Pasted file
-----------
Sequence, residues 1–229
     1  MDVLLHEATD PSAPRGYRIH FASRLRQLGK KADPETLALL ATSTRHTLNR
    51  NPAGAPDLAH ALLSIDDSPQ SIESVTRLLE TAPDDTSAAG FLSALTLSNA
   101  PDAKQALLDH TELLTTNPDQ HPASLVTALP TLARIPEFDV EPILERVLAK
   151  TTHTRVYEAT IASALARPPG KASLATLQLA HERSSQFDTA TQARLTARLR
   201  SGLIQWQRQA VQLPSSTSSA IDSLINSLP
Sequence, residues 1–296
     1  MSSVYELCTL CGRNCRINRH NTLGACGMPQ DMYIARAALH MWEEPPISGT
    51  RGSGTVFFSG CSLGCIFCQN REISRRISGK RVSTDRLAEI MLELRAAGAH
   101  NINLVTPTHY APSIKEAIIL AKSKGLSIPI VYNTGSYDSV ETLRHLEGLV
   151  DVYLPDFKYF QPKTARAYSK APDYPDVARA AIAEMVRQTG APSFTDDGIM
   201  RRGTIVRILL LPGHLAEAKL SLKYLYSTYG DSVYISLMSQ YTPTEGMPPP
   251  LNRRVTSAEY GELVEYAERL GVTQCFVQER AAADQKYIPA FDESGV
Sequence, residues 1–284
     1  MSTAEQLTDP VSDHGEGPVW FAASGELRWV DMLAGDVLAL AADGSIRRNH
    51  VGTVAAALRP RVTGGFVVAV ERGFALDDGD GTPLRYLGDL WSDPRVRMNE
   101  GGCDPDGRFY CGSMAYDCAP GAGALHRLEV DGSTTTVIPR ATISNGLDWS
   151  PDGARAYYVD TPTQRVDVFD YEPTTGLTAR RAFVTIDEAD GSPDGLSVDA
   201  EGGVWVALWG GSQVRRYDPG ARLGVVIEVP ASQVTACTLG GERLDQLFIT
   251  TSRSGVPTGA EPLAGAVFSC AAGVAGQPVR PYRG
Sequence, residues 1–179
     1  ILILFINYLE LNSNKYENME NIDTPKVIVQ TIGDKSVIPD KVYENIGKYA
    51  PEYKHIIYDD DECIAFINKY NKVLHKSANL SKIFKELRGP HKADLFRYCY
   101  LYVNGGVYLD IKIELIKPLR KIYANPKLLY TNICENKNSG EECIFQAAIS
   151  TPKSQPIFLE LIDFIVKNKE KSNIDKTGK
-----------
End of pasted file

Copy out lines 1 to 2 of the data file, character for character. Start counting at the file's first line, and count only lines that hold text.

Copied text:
Sequence, residues 1–229
     1  MDVLLHEATD PSAPRGYRIH FASRLRQLGK KADPETLALL ATSTRHTLNR